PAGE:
The UK’s ‘embarrassing’ deal with New Zealand

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Scotland’s first minister, Nicola Sturgeon warns the “sheer intransigence” of the British government over its handling of its exit from the European Union could drive her country into a second bid for independence. Joanna Webster reports.

Commonwealth Ministers will meet in London this week to talk about free-trade deals post Brexit. Picture: AFP/Chris J Ratcliffe


THE UK government has been slammed for plans to create “Empire 2.0” post-Brexit ahead of a critical Commonwealth meeting in London.

Trade ministers from 52 countries will meet in the UK on Thursday and Friday to discuss opportunities once the UK leaves the European Union in 2019.

But plans to develop trade with Africa and sign free trade deals with countries like New Zealand have been deemed “embarrassing” for the country and dubbed “empire 2.0” by civil servants working on them.

Former Treasury Minister Lord O’Neill of Gatley said the UK should be looking at deals with large and growing economies like Brazil, China, India and Russia rather than tiny “embarrassing” ones such as with New Zealand.

“Greece is bigger than New Zealand, banging on about a free trade deal with New Zealand is going to make zero difference to Britain’s future in terms of trade,” he said.

Scottish National Party Politician Alyn Smith called the plans “delusional nonsense,” saying “A narrow Leave vote enabled this delusional nonsense to move from lunatic fringe to UK Government policy.”

Scottish Transport Minister Humza Yousaf also said: “My ancestors fought against [the] British Empire in the Commonwealth. I suspect no-one wants a return to it. The Empire is dead, let it go folks.”

British Prime Minister, Theresa May will trigger Article 50 before the end of March. Picture: AP Photo/Matt Dunham

British Prime Minister, Theresa May will trigger Article 50 before the end of March. Picture: AP Photo/Matt DunhamSource:AP

The unofficial name for the plan used by civil servants was revealed by The Times earlier this week and has been sharply criticised. However those in favour of greater Commonwealth trade say it’s simply being used to “kill an interesting idea,” according to UKIP spokesman Gaway Towler.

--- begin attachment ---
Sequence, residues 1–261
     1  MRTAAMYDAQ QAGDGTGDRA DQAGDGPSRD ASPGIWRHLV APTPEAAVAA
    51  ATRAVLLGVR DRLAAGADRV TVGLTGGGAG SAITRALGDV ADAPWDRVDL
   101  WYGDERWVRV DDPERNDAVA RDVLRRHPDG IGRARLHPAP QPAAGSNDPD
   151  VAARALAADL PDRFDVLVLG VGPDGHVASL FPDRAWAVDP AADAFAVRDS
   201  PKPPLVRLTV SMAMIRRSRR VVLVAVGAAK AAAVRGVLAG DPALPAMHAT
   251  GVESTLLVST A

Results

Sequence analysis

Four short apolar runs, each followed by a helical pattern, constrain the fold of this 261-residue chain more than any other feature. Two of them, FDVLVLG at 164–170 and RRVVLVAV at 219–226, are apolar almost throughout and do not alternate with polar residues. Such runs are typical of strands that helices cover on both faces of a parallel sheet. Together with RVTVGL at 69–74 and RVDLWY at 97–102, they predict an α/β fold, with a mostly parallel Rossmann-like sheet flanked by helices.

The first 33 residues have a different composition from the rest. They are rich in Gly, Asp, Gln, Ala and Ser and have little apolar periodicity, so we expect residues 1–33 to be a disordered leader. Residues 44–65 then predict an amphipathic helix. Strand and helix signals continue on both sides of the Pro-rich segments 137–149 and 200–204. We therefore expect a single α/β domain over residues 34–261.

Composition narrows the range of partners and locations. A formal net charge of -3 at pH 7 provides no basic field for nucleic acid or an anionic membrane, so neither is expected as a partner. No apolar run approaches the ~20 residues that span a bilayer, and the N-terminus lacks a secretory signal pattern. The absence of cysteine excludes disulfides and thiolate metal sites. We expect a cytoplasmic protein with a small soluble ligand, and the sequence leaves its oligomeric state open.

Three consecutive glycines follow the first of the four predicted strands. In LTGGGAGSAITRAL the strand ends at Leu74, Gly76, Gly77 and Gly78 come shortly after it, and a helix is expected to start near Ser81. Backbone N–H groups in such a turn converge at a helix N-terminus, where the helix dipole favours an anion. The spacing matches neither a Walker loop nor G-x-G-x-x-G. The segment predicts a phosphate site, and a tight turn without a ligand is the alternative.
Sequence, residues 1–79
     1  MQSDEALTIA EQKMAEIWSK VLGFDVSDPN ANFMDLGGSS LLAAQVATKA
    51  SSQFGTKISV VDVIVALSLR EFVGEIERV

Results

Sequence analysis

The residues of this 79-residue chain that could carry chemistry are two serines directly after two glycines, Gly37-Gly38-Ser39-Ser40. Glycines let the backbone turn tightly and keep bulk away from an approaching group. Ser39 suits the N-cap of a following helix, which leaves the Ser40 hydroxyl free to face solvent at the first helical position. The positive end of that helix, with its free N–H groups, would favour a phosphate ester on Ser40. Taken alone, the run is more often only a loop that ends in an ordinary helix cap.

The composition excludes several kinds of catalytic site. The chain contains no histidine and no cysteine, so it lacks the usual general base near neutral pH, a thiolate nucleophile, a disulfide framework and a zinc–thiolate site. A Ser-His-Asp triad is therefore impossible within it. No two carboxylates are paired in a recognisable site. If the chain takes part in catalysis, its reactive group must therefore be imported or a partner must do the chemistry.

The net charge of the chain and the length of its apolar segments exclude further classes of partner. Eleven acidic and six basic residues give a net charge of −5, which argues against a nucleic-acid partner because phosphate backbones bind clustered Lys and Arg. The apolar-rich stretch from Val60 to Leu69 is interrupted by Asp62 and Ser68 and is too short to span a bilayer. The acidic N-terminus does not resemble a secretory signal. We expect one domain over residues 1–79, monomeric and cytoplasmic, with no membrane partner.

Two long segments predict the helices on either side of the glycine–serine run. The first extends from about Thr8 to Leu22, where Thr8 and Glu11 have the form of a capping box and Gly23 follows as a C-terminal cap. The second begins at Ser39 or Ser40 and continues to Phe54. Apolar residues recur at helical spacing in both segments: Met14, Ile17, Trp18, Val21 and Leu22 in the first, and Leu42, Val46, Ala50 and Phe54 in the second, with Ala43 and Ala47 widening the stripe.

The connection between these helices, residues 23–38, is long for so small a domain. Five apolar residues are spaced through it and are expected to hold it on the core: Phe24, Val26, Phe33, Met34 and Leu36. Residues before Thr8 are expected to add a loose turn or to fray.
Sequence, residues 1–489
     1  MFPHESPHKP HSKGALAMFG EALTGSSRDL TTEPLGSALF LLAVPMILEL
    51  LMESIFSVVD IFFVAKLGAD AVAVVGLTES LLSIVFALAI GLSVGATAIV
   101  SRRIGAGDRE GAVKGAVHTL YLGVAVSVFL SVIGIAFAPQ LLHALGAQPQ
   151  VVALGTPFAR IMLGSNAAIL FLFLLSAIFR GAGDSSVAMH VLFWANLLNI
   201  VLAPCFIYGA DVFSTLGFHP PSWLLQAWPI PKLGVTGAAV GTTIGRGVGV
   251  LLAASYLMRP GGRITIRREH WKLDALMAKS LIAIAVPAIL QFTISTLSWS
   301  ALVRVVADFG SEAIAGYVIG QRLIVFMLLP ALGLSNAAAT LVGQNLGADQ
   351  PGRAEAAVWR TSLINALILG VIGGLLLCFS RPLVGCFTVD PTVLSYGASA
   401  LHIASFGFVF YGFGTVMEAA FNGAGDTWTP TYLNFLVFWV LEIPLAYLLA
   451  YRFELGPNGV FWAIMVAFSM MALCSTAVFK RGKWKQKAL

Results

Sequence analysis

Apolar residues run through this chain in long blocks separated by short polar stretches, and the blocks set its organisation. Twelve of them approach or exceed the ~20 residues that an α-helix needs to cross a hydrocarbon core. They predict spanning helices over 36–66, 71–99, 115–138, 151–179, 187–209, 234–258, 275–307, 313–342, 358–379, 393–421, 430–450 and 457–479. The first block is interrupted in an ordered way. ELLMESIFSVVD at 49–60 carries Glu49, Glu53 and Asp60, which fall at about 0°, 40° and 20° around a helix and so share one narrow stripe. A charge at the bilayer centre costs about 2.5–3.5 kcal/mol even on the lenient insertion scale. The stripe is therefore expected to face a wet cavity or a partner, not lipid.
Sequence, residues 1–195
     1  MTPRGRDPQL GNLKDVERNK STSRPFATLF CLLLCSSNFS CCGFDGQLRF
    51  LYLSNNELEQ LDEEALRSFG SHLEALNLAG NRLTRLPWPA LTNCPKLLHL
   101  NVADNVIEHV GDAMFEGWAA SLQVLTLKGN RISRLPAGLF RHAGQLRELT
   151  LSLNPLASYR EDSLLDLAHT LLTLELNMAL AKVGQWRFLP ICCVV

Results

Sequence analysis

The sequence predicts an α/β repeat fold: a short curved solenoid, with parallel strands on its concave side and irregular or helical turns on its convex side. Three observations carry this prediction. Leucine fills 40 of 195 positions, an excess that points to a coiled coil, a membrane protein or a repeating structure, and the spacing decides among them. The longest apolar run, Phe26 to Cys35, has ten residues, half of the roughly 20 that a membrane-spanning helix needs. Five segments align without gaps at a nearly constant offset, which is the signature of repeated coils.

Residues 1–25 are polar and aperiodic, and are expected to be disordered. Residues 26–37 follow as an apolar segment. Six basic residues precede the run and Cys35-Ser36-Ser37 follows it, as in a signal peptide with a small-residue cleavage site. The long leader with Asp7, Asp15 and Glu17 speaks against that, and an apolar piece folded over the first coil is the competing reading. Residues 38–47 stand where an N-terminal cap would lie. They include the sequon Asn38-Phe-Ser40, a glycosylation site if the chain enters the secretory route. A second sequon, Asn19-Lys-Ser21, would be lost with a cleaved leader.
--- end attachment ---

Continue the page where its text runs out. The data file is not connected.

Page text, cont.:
The UK’s Royal Commonwealth Society’s policy director Tim Hewish said the meeting this week will be just the start of the journey which could see greater trade and visa access for Commonwealth country members.

“It’s also about Commonwealth more broadly and what they can get out of it, not just with Britain but with each other,” he said.

He said a recent survey of businesses by the organisation found 90 per cent of those quizzed think Australia should be a top priority for a free trade deal.

Canada and Singapore were the second priority followed by New Zealand, India, South Africa and Malaysia. Previous studies also indicated support for freedom of movement between the UK, Canada, Australia and New Zealand.

London Business school professor Linda Yueh said it’s worth “reactivating” longstanding trade relationships with the UK which can be done quickly.

“As smaller economies than the US, China, and EU, it may be possible to conclude trade deals more quickly with these Commonwealth nations and allow Britain to gain the benefits of trade as well as notch up more practical experience in negotiating deals before it tackles the biggest countries in the world,” she said.

However not all from the Commonwealth will take the same view, with Indian MP Shashi Tharoor telling LBC this week that plans for a “Empire 2.0” will go down “like a lead balloon” in India.

Victoria.craw@news.com.au

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